Town residents can hear the candidates debate Morinville’s future tonight at the official Morinville & District Chamber of Commerce all-candidates forum.
The format will be similar to last election’s forum, with audience members submitting written questions to a panel who will direct them to candidates, said past chamber chair Simon Boersma. All candidates, including mayor-elect Barry Turner, have been invited.
The forum starts at 6 p.m. at the Community Cultural Centre.
If you miss the forum, you can also talk to candidates one-on-one at the Morinville Public Library courtesy the library board on Oct. 3, said library board chair Jennifer Anheliger.
“We thought it would be a nice way for candidates and residents of the town to interact in a more casual setting,” she said.
This will be a drop-in speed-dating-style event where guests will talk individually with a candidate for a few minutes and switch when the moderator rings a bell, Anheliger said. All candidates have been invited, and so far Rebecca Balanko, Stephen Dafoe, Sarah Hall, and mayor-elect Barry Turner have confirmed their attendance.
The library forum runs from 7 to 8:30 p.m. Email email@example.com for details.
There’s been a magic number on many people’s lips in Morinville for the last four years: 10,000.
It’s the minimum number of people the town needs in order to declare itself a city in Alberta, and it’s coming up fast. With some 9,893 residents counted in the 2016 census and a roughly 2.5 per cent annual growth rate, the town has likely passed this threshold and can now take that giant leap.
The question is, should it? Should Morinville now become a city? Stay a town? Or perhaps even go back to being a hamlet or part of a specialized municipality?
The Gazette posed this question to the seven people running for Morinville council this week to get their thoughts.
Nope, say candidates
When it came to city status, their answer was pretty much a resounding “no.”
“Given what I know at this point, I don’t see our 10K status as some monumental shift,” said candidate Rebecca Balanko in an email, noting that Alberta’s smallest city had about 12,000 residents.
City status would make Hwy. 642 Morinville’s responsibility, which would mean significant costs in the form of traffic and crossing lights, she continued. While the town’s growth has been significant, the jump to city status was likely a few years away.
Incumbent Nicole Boutestein said in an email that she would vote against city status if she had to cast her ballot today.
“It is more than just a name change. There are significant financial implications that come along with this and right now it wouldn’t be financially feasible.”
Morinville would have to pay for the maintenance and traffic lights on Hwy. 642, for example, neither of which the town has put in its budget.
“This is a significant decision and council will need to do extensive research and several public consultations prior to making any decision,” she said.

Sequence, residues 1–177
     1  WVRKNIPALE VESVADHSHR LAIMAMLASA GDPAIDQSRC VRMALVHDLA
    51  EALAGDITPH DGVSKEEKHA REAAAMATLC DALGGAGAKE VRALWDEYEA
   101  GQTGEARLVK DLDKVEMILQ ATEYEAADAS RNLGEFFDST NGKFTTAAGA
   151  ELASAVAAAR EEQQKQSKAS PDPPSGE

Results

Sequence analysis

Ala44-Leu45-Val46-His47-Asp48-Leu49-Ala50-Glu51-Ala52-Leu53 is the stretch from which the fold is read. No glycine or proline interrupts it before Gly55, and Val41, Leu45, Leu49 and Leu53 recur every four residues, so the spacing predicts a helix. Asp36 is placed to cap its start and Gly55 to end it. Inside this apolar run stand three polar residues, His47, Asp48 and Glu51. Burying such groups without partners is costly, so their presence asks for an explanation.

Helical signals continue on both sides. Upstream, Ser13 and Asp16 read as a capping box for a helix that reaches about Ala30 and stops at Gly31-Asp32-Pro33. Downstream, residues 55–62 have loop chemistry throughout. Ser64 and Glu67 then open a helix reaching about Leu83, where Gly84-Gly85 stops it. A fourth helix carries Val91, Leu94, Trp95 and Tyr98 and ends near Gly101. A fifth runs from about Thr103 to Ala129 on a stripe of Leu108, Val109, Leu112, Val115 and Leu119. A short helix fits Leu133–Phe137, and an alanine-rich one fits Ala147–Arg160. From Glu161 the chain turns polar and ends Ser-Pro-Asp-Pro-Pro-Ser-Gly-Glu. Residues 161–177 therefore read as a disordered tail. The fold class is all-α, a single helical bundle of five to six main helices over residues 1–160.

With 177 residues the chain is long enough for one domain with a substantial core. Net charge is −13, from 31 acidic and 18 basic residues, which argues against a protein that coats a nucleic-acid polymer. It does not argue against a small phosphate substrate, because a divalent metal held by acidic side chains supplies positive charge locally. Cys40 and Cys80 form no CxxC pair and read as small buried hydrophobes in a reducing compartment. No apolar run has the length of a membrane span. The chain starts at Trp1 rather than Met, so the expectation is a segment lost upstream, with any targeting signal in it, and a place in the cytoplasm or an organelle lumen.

Incumbent Stephen Dafoe was also iffy on city status.
“I’m not a fan of instantly becoming a city at the magic number of 10,000,” he said in an email.
He asked administration for a report on the ins and outs of city status and being a specialized municipality last year, and said it showed there were few benefits to becoming a city – certainly not more funding.
“The idea that big-box stores will suddenly pop up if you are a city is false. It’s not SimCity,” he said, referring to the popular computer game.
City status would give Morinville the ability to put up traffic lights as it wished along Hwy. 642, but would also give it responsibility for its upkeep. The town was also already seeing big brand stores popping up, and those would attract more. Still, he was interested in talking about the transition with residents.
While he felt this question should be put to residents in a plebiscite, candidate Lawrence Giffin said in an email that Morinville should stay a town.
“Becoming a city would result in higher taxes,” he noted, as Morinville would have to maintain Hwy. 642 in town, and becoming a hamlet or specialized municipality would require Sturgeon County’s approval – unlikely given the town’s debt load.
“Staying a town is the easiest, and we keep our identity as a town.”
Candidate Sarah Hall said Morinville should not consider city status yet, as it had to develop more infrastructure and business before it could thrive as one.
“I am interested in the idea of becoming a specialized municipality and what that would look like, as it seems the more viable option for Morinville at this time.”
Candidate Neil McDougall said he’d vote how the majority of residents wanted on this issue, but felt Morinville needed more businesses, services and a hospital before it became a city.
“We don’t really have any place for a person to go shop for clothing,” he said, and have few restaurants or professionals such as dentists.
He also saw few benefits to city status, apart from the possibility of more grants.
City status would draw business and investment to Morinville, which is something that needs to happen to reduce the tax burden on residents, candidate Scott Richardson said in an email. But there were big questions for council to ask about the cost of maintaining Hwy. 642.
“What cost would Morinville incur from this transition? What grants or funding from the province for the highway would cease and how will this affect the budget?”
This was a community decision and would have to happen after open dialog and community consultation, he added.